13 Important Desalination Plants Pros and Cons

A desalination plant is able to create freshwater resources from a saltwater source, such as the ocean. Once it goes online, the facility is able to provide a water supply that is immune to drought, offering drinking water to an entire region. The Tampa Bay Seawater Desalination facility, located in Florida, provides up to 25 million gallons of drinking water per day to the region.

The primary benefit which desalination plants provide is proven technology. Reverse osmosis is used in many desalination plants, which creates high-quality drinking water on small or large scales. Homeowners can even hook-up a reverse osmosis filter to their own plumbing system to create a better water supply.

The disadvantage of desalination plants, however, is their cost. Although several factors can dramatically change the final price of construction, a 2010 report estimated that a new desalination plant in Texas would cost $658 million to achieve 100 million gallons per day of freshwater supplies. Even at 2.5 million gallons per day, the plant would cost $32 million to build.

Here are some addition desalination plants pros and cons to think about and discuss.

Pros of Desalination Plants

1. It is a predictable resource.
Desalination plants produce consistent levels of freshwater to consume once operational. There are few factors that are deemed to be “uncontrollable” with this technology. Whether the plant is working with brackish water or sea water, the resource does not require precipitation, annual snowfall, or some other form of unpredictable water resource to operate. The ocean is not going anywhere.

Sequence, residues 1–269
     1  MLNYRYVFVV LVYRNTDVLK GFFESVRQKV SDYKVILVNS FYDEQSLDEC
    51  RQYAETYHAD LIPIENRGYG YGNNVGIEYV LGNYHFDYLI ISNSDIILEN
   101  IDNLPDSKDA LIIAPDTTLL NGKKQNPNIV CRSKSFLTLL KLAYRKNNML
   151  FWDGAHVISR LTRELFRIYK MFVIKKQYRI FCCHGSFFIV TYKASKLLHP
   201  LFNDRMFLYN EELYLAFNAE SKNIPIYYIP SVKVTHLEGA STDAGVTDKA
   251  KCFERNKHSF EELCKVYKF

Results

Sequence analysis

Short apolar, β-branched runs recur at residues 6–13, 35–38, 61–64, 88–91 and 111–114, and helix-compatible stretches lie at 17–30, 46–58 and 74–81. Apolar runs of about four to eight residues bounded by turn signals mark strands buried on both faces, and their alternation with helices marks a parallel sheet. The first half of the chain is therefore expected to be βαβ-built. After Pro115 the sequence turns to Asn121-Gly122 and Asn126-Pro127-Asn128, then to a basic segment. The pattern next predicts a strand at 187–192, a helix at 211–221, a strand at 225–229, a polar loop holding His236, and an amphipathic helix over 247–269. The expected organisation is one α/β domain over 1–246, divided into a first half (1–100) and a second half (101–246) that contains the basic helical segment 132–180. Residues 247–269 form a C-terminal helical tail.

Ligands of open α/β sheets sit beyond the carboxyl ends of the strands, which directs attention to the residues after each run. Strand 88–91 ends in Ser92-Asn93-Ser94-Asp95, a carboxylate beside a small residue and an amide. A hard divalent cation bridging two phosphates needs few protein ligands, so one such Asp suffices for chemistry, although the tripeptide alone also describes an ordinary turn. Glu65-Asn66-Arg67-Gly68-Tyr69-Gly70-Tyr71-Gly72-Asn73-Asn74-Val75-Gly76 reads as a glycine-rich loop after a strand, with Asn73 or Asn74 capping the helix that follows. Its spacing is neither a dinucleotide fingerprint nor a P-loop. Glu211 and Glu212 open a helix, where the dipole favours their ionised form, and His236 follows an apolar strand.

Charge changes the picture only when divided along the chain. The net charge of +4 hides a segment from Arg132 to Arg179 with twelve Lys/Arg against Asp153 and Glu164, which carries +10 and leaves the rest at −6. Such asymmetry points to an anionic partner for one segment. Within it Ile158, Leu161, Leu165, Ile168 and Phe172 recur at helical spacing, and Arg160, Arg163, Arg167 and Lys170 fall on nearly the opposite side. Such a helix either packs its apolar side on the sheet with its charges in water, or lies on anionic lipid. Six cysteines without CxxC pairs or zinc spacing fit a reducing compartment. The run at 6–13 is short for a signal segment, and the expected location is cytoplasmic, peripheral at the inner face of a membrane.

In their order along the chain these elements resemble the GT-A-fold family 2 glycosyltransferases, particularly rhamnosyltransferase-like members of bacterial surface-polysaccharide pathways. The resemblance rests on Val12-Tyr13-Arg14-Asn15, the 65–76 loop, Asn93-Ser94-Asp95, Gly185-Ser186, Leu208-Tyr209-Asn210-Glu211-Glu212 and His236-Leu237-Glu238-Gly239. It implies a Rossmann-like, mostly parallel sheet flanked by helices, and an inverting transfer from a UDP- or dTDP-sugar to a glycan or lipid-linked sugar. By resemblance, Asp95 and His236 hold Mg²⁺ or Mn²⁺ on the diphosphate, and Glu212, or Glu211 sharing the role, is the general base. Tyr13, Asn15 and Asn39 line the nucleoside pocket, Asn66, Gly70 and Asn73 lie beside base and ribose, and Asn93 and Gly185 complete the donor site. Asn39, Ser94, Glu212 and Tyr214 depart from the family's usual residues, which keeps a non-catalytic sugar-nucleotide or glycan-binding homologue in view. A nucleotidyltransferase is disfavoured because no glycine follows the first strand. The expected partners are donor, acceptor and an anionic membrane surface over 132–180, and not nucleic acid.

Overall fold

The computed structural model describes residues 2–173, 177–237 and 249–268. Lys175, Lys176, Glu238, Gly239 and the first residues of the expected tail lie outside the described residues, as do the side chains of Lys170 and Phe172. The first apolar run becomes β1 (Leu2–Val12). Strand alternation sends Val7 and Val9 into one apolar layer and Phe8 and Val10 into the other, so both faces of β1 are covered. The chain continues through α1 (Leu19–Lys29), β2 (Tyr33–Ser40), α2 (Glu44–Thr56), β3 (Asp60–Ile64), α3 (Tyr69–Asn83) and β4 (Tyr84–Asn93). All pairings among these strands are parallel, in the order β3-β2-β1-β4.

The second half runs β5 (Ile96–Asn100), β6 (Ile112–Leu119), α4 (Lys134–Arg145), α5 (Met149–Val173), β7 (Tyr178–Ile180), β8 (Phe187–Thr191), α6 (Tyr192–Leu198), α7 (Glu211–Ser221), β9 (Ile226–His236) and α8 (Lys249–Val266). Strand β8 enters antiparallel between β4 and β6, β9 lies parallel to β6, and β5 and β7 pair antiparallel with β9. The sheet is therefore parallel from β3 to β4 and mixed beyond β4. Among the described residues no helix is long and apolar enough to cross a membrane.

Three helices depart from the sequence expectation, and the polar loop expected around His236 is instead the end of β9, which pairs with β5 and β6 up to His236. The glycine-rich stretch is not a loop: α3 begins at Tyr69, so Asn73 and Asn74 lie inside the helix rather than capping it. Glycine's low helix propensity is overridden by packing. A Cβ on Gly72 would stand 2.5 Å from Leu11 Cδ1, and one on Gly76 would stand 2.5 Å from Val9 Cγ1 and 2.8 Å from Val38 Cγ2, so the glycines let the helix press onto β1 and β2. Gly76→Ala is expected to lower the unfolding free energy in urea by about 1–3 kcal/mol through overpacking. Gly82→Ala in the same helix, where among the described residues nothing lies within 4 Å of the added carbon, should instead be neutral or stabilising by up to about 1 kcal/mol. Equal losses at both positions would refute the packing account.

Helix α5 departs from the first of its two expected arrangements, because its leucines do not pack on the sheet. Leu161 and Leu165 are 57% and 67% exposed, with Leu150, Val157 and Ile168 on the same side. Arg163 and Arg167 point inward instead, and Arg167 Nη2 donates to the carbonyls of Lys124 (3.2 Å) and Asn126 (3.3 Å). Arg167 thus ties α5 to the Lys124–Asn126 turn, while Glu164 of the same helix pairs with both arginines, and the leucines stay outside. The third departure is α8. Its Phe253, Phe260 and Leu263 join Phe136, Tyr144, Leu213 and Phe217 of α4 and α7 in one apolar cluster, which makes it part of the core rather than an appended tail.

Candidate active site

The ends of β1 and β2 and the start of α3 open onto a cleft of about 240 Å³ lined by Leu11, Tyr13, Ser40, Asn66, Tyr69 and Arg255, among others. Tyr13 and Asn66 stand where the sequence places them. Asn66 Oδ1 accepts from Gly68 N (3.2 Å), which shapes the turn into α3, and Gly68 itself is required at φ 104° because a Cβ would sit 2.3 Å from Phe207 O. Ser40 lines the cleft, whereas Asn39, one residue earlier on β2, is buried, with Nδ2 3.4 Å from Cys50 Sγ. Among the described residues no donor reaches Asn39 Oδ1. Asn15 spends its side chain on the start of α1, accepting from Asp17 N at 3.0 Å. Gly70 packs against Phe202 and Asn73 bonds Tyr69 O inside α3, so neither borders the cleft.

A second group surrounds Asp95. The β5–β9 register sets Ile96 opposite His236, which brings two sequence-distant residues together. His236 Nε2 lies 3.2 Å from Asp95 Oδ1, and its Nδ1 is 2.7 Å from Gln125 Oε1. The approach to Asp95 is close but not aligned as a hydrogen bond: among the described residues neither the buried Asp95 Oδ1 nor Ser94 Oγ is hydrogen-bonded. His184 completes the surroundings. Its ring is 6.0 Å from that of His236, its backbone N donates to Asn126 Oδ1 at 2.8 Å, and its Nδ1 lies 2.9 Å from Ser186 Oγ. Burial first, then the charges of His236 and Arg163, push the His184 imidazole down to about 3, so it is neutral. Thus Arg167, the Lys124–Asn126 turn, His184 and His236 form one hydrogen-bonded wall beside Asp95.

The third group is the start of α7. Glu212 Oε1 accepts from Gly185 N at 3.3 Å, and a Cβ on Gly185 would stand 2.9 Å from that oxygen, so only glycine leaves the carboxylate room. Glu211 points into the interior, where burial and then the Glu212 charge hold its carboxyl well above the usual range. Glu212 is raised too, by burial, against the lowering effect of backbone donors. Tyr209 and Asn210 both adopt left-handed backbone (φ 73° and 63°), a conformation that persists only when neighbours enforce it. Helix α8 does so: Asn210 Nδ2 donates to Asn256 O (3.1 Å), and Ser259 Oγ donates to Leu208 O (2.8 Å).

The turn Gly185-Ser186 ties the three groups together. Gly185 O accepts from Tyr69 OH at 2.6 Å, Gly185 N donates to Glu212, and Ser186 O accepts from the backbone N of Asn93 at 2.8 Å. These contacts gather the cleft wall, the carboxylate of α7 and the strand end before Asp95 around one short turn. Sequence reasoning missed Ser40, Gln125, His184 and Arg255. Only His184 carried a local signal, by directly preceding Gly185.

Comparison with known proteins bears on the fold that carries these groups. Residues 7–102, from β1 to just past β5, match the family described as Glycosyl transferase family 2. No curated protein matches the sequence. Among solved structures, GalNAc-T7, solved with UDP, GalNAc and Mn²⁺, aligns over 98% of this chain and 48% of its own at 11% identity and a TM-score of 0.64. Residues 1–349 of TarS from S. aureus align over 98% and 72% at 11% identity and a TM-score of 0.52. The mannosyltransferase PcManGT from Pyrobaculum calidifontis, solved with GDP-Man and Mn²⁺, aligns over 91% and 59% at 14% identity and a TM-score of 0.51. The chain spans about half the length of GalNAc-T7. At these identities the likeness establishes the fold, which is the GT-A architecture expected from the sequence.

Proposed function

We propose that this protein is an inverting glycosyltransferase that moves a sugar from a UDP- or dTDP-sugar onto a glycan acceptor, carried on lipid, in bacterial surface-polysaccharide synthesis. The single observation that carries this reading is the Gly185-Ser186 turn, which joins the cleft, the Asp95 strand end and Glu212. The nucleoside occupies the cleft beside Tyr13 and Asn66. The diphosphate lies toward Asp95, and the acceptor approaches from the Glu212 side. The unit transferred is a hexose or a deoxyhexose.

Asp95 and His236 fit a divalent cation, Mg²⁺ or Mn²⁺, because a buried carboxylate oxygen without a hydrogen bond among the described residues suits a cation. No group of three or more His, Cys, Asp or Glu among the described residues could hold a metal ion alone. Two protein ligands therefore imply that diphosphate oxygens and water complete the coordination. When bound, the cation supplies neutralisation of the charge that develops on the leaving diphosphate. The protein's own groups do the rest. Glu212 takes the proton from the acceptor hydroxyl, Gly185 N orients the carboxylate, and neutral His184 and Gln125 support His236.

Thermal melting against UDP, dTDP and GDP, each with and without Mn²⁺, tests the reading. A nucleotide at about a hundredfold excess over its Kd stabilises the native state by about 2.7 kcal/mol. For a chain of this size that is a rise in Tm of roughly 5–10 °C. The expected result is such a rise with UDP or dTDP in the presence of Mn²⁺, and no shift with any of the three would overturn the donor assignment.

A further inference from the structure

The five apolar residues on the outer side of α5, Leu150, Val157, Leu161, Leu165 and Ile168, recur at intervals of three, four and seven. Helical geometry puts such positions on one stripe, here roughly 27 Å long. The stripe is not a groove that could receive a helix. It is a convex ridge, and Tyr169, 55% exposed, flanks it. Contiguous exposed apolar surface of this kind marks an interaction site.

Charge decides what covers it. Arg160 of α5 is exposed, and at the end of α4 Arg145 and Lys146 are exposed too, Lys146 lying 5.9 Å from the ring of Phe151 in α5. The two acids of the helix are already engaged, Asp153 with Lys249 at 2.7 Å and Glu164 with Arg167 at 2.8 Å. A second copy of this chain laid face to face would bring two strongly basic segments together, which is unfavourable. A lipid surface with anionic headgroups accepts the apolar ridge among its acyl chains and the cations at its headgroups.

2. It solves the worry of a water shortage.
With the presence of a desalination plant, water shortages have a reduced impact, even during critical times, such as a drought. In many areas of our planet, irrigation is the only reason why there are fertile croplands available for agricultural work. Not having a crop produce an expected yield does more than create a food shortage emergency. It also creates an economic emergency, as farmers and agricultural workers can no longer support themselves and their families.

3. Desalination plants may reduce energy costs.
In the United States, there is an infrastructure to distribute water just as there are road networks, wastewater networks, and oil pipelines. There is a specific energy cost which is associated with the movement of water. Pumps must be used to ensure communities receive an adequate supply. By lacing desalination plants strategically, it would be possible to offset the environmental impact of the facility by lessening the current infrastructure costs which are required for freshwater movement.